Bristol City Council Traffic Control Centre

It is estimated that time lost due to congestion costs the Greater Bristol economy around £350 million a year, with this figure set to grow as traffic levels continue to rise. Poor air quality, delays and unreliable journey times place huge pressure on the city’s infrastructure and services, with the transport infrastructure playing a vital role in the city’s continued prosperity. 

Against this background, Bristol City Council (BCC) continues to invest heavily in its transport network and the development of Intelligent Transport Systems (ITS),enabling engineers to make better use of the available road network. Bristol’s Traffic Control Service was relaunched in 2017 as part of the new Operations Centre, with the team managing the city’s road network using a range of ITS tools.

This new centre was the realisation of a long-held ambition to bring together three disparate Control Centres in to a purpose-built, state-of-the-art facility. Keys to the new building were handed over in December 2016 and during 2017, the existing facilities were decommissioned, and the new centre brought on line. 

The new Traffic Management System

In April 2017, Siemens Mobility was awarded the contract to develop, supply and install the new traffic management system. Initially programmed for nine months, this work took just six weeks to deliver - the need to vacate the old building arising sooner than expected!
 

The transition was seamless, with Siemens Mobility delivering the latest evolution of Stratos, its proven integrated highways management system, and with the move from the old system to the new taking place with no loss of service. Although there wasn’t sufficient time to roll over everything (peripheral functions were not delivered immediately) the core functions were retained and there was no unplanned system down time.


The new traffic management system is cloud-hosted, ensuring it is not only robust, secure and resilient, but also routinely backed-up and future-proof. In the event of fire destroying the systems, it can be fully operational again in 48 hours.

At its heart is an urban traffic control (UTC) system running SCOOT (Split, Cycle, Offset Optimisation Technique), a real-time traffic control and monitoring solution. This adaptive system is connected to the network’s traffic signals at junctions and crossings and collects data from on street detectors to optimise the flow of traffic at controlled junctions and so reduce the overall delay to drivers. Effectively SCOOT maximises the available network capacity across the city network.

In addition to the core UTC system, BCC incorporated a number of Siemens Stratos modules to help better manage the road network, delivering significant benefits to road users, businesses and residents, including

 

Intuitive Strategy Manager

Sitting at the heart of the system, and the most vital part of its intelligence, this allows the control centre team to use any input to drive any output.  This enables real time data to effect real time changes in the network.  Automated strategies monitor the network, focussing on key junctions and hot spots, using data such as traffic flow to improve the way junctions are managed.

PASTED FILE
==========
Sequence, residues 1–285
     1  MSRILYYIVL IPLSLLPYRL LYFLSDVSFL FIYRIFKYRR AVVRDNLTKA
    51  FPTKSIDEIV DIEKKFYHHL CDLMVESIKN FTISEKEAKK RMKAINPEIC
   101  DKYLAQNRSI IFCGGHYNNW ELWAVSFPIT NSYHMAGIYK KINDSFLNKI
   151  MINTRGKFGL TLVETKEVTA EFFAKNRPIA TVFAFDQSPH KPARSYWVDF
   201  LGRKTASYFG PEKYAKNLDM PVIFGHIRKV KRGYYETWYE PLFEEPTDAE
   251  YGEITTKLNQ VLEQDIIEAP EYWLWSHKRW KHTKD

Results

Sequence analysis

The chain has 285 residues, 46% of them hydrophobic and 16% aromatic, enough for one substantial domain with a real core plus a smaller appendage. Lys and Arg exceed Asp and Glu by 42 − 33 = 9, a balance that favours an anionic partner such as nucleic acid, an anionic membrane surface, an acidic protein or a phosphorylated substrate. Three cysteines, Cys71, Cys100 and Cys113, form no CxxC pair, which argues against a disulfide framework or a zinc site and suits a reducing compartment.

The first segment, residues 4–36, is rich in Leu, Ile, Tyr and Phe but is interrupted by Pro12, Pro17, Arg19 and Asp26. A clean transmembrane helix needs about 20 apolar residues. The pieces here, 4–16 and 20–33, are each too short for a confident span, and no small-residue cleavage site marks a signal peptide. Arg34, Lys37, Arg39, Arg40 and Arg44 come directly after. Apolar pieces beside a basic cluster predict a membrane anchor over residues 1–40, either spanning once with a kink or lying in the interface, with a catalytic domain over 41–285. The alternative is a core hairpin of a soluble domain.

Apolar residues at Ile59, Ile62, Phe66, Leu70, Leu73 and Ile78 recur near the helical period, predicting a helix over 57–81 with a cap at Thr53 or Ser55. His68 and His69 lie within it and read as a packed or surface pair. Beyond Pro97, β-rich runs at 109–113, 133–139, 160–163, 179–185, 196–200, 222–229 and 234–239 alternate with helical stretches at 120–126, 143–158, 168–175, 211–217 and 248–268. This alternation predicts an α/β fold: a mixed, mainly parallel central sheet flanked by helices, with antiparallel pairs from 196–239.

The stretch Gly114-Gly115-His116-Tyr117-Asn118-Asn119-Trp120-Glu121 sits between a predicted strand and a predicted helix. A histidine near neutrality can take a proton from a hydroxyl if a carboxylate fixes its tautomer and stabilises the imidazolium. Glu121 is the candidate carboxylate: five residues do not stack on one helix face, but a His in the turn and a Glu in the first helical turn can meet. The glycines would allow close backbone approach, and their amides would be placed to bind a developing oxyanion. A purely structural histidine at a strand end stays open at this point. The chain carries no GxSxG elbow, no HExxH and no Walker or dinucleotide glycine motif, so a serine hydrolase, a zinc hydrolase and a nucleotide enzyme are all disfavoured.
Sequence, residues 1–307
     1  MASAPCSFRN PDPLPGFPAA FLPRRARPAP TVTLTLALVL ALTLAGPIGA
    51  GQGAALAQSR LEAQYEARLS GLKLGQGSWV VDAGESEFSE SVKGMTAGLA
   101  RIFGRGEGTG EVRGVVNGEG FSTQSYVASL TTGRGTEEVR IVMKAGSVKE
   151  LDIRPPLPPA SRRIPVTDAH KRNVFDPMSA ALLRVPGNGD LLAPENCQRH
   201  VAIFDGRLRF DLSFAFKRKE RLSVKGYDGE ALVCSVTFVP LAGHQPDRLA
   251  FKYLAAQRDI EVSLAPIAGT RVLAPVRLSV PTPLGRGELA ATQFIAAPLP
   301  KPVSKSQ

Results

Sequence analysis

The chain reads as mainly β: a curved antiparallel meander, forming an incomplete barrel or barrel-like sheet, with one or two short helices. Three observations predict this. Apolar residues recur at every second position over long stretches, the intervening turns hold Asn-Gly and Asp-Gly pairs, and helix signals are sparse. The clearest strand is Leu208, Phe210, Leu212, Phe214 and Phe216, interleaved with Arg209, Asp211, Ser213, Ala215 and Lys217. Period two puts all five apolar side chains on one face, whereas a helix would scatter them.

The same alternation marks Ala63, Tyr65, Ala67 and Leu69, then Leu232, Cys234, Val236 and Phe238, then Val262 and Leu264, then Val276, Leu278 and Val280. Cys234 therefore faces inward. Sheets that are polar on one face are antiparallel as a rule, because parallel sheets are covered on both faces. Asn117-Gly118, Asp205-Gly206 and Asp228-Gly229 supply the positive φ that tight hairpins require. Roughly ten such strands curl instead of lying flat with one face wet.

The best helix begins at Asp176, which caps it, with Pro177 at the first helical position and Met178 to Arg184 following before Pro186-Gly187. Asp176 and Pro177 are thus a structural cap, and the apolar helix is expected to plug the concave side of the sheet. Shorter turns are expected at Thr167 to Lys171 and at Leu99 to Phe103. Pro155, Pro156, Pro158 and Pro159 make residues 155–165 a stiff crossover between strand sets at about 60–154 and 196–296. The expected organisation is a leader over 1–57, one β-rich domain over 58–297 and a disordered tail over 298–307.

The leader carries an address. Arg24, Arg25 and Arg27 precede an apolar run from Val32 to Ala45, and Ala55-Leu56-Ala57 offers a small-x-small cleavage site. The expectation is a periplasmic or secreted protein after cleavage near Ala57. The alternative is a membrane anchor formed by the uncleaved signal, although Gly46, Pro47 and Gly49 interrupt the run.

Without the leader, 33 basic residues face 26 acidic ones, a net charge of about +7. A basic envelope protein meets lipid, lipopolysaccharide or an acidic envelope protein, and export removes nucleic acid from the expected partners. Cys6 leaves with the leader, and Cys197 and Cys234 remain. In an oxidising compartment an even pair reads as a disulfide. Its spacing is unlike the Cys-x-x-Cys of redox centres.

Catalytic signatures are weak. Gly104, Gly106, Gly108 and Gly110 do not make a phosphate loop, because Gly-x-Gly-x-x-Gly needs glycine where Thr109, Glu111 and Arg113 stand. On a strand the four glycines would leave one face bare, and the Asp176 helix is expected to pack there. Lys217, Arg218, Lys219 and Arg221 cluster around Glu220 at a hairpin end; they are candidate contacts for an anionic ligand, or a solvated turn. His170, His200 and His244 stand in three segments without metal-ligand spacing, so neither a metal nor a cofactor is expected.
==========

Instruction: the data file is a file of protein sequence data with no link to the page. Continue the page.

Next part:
Journey Time Manager Module

Linked to 36 automatic number plate recognition (ANPR) camera sites across the city, this tool provides engineers with real time visualisation, monitoring, profiling and alerts, with data including average vehicle speed and journey time – helping inform automated incident detection, data analysis and transport modelling.


Car Park Module

Managing the city’s 16 car parks, 16 guidance signs and one Park & Ride facility, this fully-integrated module keeps the city moving. It provides real-time advice to drivers, monitoring occupancy of car parks and guiding motorists to spaces, minimising delays caused by circulating traffic looking for car parking.


Variable Message Sign (VMS) Module

When an unplanned disruption occurs, the network of 21 VMSs kicks in. The system provides real time traffic information to drivers at the roadside, enabling them to make better-informed travel decisions, thereby reducing queues and helping keep the city moving. VMS also gives drivers advanced warning of planned disruptions, such as roadworks and events.


Disruptions Module

With 400,000 sets of road works every year in Bristol, this system helps engineers focus on the critical ones.  

Results

Since its launch, the Centre has been a huge success, delivering real operational efficiencies which in turn have benefitted the travelling public. The Centre includes the provision of three decision control rooms (Intelligence; Incident Response and Emergency) which help inform how best to manage the city in the event of different scenarios arising. So, when an emergency call is now received, the relevant teams are all co-located, enabling, fast, efficient and effective response.

 

Cllr Craig Cheney, Deputy Mayor and Cabinet Member for Finance, Governance and Performance:

“The Bristol Operations Centre has grown from strength to strength over the past year, providing an essential service in an innovative space. By using Siemens Mobility’s technology, the council’s traffic management team can act in a more efficient and coordinated way which has had a hugely positive impact on the people who live here.”
 

As the highways network around the city evolves further, so too will Stratos, using new and innovative ideas to manage it. With the core system established, it offers flexibility for expansion to a ‘next-generation’ system, with a number of developments already under consideration - for example, opportunities for connected vehicles to use ‘virtual VMS’ is a clear goal given the new technology is far more cost effective than traditional infrastructure.